The Nature of Demai

Demai (5:1) | Adam Korbl | 19 years ago

roduce bought from an Am ha’Aretz (an unlearned Jew who is lax in his Torah-observance) is referred to as Demai (“Da Mai?” roughly translates as “what is its status?”). Ma’aser Rishon, Terumat Ma’aser, and Ma’aser Sheni must be separated from this produce since a minority of Amei ha’Aretz cannot be trusted to have separated them before selling it. Trumah Gedolah, however, because of its stringency is presumed to have been separated.

This din of Demai that obligates one to be separate Ma’aser Rishon, Trumat Ma’aser, and Ma’aser Sheni requires deeper analysis. Usually we apply the Torah principle of following the majority and we are not concerned with what a minority of people may or may not do. Why is it that with regards to Demai, Chazal seem to be concerned with the minority of Amei Ha’Aretz that did not separate and therefore classify the produce of every Am Ha’aretz as being b’safek, in doubt?

The Achronim attempted to formulate the exact nature of the chiyuv of separating fruit of Demai. Reb Elchonon Wasserman in his Kobetz Ha’aros (75:6) suggests that there are two possible ways we can understand the nature of demai:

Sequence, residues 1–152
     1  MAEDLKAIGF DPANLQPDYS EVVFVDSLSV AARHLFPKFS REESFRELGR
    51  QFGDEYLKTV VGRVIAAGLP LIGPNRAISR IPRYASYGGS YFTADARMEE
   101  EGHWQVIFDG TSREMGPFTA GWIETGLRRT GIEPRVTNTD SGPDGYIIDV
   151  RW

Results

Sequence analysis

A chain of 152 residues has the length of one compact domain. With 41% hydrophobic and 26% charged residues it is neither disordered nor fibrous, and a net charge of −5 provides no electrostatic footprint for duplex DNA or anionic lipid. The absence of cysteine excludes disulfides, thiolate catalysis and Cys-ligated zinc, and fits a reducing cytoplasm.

1. On a biblical level we can assume that most amei ha’aterz separate all trumot and ma’asrot and are not concerned that perhaps the purchased produce is of the minority of amei ha’aretz who do not separate. However, on a rabbinic level we are concerned that perhaps this produce did in fact come from that minority who are not careful to be separate and therefore the produce is classified as being in a doubtful state.

  2. On a rabbinic level, we are not concerned that the produce stems from the minority, however, the Rabbis created a new chiyuv of hafrashas peiros demai that requires one to be separate Ma’aser Rishon, Trumat Ma’aser, and Ma’aser Sheni.

This chakira is a classic way of attempting to grapple with the nature of rabbinic decrees. Chazal were concerned with the possibility that a Jew would consume produce that may still require separation. The question then becomes – when Chazal created takanat Demai, did they integrate their reasoning into the takanah itself (as described in possibility ‘a’), or did their reasoning merely act as the impetus for the creation of the new chiyuv (as described in ‘b’).

The following Mishnah seems to indicate that the first possible rationale for the takanah of demai holds true. The Mishnah (Demai ) states:

If one separates (gifts) from one food that is Demai on behalf of another food that is Demai...It is Trumah, however, one must go back and separate again (on the other food).

If we assume, like the second possible explanation, that Chazal created a new chiyuv of hafrashas peiros Demai, why then would the Mishnah require one to repeat the hafrasha? The person already fulfilled their obligation of hafrashas perios demai. If however, on the other hand, Demai is based on the concern for the possibility that the peiros have not undergone hafrasha, as described in the first explanation of Reb Elchonon, then one can understand the need to repeat the hafrasha.


Weekly Publication

Receive our publication with an in depth article and revision questions.

Subscribe Now »

Audio Shiurim

Listen to the Mishnah Shiurim by Yisrael Bankier

Listen Now »